By Anessa V. Cohen
We have been blessed with wonderful and dedicated people manning our Board of Education in School District #15. They work tirelessly to maximize each school-tax dollar received, making them stretch and getting above and beyond what can typically be realized in value to benefit all the children in our district in a positive and thoughtful manner.
They have been given an additional burden of dealing with a mandate to sell the Number Six School property and to find the best solution for the community in the real-estate marketplace. It is not an easy job. We are looking for the highest bid we can get, as well as a buyer that is going to be an asset, not a liability, to our community.
Because the future usage of this valuable property as well as any bid we receive from a proposed buyer needs to be carefully considered for its impact on the surrounding community before accepting any possible offer, we all need to carefully judge how any new use of this property is going to affect our community and in particular our neighbors surrounding the former school property.
Although I try to support all efforts in general made by our school board because I feel they work so hard for our community’s well-being, after a great deal of reflection I have decided to publicly declare my firm opposition to the proposed medical office facility they are presenting for a referendum on March 20.
My opposition to this project is for a variety of reasons. Obviously a medical office facility could and would be a positive element in any community if placed in a proper location. Medical office facilities are heavily trafficked. If this facility were being built on Sunrise Highway or on Rockaway Turnpike, I think we would all be receptive and happy to welcome a facility of this kind to our community.
Peninsula Boulevard and Branch Boulevard, as busy as they may be, are not commercial areas. This facility would also be fronting on Ibsen Street and Church Avenue, two very quiet residential streets with little traffic. To put it mildly, this heavily residential area of one-family homes, where children play outdoors in their front yards, mothers are walking their strollers, and school buses are picking up and dropping off children at all hours of the day, is one of the worst locations that could have been chosen for a high-use medical facility. It is an offense to all the residents living in the vicinity.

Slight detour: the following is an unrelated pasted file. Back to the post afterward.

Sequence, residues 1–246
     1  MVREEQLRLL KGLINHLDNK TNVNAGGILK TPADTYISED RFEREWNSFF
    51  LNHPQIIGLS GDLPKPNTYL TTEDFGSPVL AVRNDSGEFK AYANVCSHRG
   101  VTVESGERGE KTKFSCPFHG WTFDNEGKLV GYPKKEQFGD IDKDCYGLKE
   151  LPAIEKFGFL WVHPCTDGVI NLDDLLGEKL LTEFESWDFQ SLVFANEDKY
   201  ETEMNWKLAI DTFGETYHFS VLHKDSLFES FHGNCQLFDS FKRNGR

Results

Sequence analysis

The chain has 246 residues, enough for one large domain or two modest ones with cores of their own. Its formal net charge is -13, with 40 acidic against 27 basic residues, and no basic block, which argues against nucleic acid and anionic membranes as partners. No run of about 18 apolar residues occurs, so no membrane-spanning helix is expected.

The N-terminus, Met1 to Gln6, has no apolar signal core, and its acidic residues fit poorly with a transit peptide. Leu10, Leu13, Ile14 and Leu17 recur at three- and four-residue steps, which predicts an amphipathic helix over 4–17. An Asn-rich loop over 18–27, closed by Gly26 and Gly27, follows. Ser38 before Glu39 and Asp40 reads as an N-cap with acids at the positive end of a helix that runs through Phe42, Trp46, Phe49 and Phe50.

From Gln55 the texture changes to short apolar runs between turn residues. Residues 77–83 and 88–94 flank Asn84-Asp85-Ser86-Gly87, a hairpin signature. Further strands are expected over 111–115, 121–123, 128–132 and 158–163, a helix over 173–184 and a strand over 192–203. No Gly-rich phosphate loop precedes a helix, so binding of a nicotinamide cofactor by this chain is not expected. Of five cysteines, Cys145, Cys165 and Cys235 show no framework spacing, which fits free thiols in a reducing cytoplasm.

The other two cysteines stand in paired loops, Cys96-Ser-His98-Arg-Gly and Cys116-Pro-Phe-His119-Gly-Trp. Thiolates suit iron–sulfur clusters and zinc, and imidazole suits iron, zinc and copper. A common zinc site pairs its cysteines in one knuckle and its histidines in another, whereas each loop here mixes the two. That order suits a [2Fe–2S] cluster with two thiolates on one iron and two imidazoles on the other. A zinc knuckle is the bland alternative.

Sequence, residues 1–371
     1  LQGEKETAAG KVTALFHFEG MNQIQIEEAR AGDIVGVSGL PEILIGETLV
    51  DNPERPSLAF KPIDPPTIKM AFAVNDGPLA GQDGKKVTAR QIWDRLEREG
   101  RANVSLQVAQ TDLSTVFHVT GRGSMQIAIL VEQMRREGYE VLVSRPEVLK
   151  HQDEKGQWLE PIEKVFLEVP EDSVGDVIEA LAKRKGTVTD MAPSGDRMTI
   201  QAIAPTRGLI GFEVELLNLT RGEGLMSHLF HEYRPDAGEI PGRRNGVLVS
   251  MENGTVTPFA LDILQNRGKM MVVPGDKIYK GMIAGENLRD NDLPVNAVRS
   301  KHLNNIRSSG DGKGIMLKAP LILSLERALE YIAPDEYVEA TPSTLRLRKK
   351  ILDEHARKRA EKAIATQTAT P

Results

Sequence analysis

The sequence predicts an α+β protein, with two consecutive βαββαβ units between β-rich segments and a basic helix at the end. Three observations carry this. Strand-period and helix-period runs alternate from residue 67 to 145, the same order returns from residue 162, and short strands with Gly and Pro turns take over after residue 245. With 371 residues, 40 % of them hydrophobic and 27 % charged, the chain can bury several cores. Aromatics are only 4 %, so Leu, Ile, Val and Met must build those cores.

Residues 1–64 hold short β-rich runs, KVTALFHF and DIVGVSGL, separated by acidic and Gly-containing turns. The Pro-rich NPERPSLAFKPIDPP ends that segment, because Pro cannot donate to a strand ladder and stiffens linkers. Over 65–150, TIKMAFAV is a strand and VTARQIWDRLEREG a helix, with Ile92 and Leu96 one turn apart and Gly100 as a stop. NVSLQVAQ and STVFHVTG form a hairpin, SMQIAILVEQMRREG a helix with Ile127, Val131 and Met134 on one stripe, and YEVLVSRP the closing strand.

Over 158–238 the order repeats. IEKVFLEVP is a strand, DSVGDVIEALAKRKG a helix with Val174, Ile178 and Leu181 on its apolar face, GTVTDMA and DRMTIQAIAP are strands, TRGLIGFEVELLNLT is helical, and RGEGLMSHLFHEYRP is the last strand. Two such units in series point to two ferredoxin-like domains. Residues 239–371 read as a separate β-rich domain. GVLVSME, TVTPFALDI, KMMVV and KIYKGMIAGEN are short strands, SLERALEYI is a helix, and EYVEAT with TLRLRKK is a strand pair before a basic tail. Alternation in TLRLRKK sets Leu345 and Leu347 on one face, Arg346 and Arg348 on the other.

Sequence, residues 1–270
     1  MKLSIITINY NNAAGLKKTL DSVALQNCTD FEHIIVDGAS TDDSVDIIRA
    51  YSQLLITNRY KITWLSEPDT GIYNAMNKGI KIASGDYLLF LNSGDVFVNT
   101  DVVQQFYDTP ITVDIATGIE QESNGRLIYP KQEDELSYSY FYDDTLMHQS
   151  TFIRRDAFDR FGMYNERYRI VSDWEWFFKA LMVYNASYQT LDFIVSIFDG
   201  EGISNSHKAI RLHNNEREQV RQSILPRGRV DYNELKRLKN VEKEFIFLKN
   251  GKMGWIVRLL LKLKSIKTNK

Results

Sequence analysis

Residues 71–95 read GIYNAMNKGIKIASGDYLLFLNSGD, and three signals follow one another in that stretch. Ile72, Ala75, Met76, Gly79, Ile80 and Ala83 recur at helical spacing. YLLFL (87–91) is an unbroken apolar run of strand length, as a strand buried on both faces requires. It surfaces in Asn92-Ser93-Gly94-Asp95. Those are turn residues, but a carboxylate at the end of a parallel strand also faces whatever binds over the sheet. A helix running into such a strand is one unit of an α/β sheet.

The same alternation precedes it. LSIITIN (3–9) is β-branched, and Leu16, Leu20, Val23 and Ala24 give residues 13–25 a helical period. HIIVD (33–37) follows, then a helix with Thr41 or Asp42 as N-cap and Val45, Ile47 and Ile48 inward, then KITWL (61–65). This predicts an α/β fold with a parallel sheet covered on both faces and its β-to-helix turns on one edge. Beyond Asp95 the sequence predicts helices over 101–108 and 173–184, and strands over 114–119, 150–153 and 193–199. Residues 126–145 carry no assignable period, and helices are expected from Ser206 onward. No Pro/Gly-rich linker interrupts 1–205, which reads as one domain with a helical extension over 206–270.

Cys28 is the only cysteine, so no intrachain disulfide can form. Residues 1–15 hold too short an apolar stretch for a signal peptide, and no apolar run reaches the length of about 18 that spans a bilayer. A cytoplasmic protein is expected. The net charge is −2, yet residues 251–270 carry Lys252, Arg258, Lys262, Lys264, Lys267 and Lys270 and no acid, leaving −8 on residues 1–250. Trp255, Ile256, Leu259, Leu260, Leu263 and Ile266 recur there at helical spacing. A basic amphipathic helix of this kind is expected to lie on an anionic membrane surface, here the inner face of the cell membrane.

Saturdays, a quiet day in this area, when families are either relaxing at home or walking to the various shuls that abut Peninsula Boulevard—from Longacre Avenue in Woodmere, running down the boulevard towards Cedarhurst past Cedarhurst Avenue—would become a pedestrian nightmare. Patients and employees would be driving to and from this facility, which will be open seven days a week and probably some nights as well. People taking advantage of their days off both on Saturday and Sunday would create noise and traffic levels we never had to deal with previously in this residential area. Because of this proposed addition, the status of this section of town would change from residential to commercial overnight.
This area of Woodmere is presently dealing with the horrific effects of Superstorm Sandy this past October 29. Adding this burden of forcing them to absorb a commercial enterprise of this magnitude is one that should not be considered as other than detrimental to this neighborhood.
Time has shown us that many different bids seem to regularly be coming in from a variety of proposed buyers, each one offering more than the previous. We need to turn this bid down and continue to search to find the highest bid possible for the Number Six school property, but also to find the best possible fit of the proposed buyer to the surrounding community. The medical facility does not fit this criterion and we should continue our search by listening to more possible bids by new prospective buyers.
Though I wish school-board officials would reconsider the date they have chosen to hold this election—March 20 is a few days before Passover when so many people have already left town for vacation—I urge the community to take advantage of absentee ballots in advance. Every resident should be able to make their vote count in regard to this issue. Once the issue is decided, everyone in the community must live with the consequences forever! v
Anessa Cohen lives in Cedarhurst and is a licensed real-estate broker and a licensed N.Y.S. mortgage broker with over 20 years of experience, offering full-service residential and commercial real-estate services (Anessa V Cohen Realty) and mortgaging services (First Meridian Mortgage) in the Five Towns and throughout the tri-state area. She can be reached at 516-569-5007 or via her website, www.AVCrealty.com. Readers are encouraged to send questions or comments to anessa.cohen@AVCrealty.com.